RELATED | Cobb County expands bike sharing program
According to its website, it has a presence in Atlanta, Alpharetta, Woodstock and Smyrna. Zagster had six stations each within the Cumberland and Town Center CIDs, which are made up of commercial property owners within district boundaries who tax themselves to pay for public infrastructure projects.
“Bike-share programs have been extremely successful in the Cumberland and Town Center communities,” said Kim Menefee, executive director of the Cumberland CID. “Our shared goal will always be to improve our communities as we continue to strengthen our partnerships and regional connectivity.”
The city of Smyrna, which also has a Zagster bike station, was also informed about Zagster's decision, spokeswoman Jennifer Bennett said. Woodstock and Alpharetta, which also has Zagster bikes and stations in its cities, are also affected by the company's move.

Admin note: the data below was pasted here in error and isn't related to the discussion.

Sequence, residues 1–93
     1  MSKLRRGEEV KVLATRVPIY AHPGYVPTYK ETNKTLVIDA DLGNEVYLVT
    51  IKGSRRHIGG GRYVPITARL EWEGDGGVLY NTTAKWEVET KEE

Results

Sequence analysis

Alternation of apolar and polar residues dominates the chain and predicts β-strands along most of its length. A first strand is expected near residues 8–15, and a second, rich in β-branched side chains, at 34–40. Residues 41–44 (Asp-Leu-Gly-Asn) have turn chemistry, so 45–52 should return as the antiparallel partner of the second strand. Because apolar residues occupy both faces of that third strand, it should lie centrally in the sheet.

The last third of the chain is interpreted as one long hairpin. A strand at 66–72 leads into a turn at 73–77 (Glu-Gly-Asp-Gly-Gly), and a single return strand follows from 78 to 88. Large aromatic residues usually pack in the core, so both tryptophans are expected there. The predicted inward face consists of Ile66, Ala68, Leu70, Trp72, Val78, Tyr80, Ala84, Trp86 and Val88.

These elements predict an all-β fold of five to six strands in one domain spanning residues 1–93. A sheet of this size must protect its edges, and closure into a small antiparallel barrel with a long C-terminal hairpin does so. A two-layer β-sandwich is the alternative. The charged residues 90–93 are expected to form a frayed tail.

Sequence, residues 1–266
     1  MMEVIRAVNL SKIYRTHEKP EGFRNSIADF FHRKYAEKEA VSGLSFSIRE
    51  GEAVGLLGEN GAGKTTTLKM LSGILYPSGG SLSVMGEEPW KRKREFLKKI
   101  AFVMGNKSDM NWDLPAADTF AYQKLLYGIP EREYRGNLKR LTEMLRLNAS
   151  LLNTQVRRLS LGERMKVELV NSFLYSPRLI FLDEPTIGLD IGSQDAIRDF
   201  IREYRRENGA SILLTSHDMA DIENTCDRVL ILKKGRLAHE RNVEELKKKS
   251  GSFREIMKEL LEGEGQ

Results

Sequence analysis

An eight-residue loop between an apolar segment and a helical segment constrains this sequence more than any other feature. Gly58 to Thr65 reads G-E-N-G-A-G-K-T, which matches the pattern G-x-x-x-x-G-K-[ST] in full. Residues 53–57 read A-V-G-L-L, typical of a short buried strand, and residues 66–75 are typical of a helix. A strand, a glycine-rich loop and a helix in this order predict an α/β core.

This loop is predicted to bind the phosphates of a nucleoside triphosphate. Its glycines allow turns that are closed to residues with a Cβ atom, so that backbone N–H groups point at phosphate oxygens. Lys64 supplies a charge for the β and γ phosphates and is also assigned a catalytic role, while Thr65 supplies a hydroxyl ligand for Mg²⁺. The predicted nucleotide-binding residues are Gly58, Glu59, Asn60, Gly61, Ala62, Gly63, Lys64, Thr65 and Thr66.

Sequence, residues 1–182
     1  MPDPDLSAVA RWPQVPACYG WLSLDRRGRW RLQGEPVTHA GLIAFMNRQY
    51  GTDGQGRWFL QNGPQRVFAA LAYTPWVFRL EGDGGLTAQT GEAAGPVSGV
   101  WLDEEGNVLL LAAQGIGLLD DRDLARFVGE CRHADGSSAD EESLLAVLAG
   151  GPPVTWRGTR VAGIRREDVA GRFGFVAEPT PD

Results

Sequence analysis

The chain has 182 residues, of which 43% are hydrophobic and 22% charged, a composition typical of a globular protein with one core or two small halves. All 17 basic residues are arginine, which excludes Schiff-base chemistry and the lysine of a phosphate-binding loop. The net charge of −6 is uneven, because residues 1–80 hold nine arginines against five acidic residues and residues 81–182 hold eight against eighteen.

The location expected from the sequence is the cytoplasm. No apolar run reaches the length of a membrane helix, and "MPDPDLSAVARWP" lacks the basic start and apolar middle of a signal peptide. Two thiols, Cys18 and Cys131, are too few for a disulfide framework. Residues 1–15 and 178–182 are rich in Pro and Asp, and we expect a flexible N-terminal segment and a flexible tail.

Woodstock Economic Development Director Brian Stockton said the city in 2019 began looking around for other options, “so we have a good start on ideas for a replacement.”
Alpharetta Assistant City Administrator James Drinkard, who said the city was also notified Wednesday of the decision, said Zagster told staff that the service would end May 29. The city’s director for Recreation, Parks and Cultural Services has been trying to make contact with Zagster, but “his attempts have gone unanswered,” Drinkard said.
“Our staff is currently exploring our options and contacting other service providers in the hopes of being able to continue offering a bike share program in Alpharetta,” he added.
City of Atlanta spokesman Michael Smith said the city has never had a “relationship” with Zagster, but some private groups in Atlanta may have a partnership with the company.
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